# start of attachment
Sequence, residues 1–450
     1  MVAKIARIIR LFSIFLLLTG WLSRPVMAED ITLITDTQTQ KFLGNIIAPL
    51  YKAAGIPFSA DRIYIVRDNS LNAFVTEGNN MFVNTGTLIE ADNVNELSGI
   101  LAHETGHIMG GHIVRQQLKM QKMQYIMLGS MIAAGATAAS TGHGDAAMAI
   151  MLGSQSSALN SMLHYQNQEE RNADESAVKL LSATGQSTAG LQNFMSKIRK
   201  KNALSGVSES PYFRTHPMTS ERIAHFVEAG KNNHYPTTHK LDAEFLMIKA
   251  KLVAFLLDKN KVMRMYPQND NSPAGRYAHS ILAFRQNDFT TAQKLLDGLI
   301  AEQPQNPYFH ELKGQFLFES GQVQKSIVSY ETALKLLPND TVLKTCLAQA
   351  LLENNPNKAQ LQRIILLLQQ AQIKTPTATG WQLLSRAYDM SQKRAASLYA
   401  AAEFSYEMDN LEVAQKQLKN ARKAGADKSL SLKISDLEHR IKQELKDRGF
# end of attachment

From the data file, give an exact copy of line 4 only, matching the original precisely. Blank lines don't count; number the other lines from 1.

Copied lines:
   101  LAHETGHIMG GHIVRQQLKM QKMQYIMLGS MIAAGATAAS TGHGDAAMAI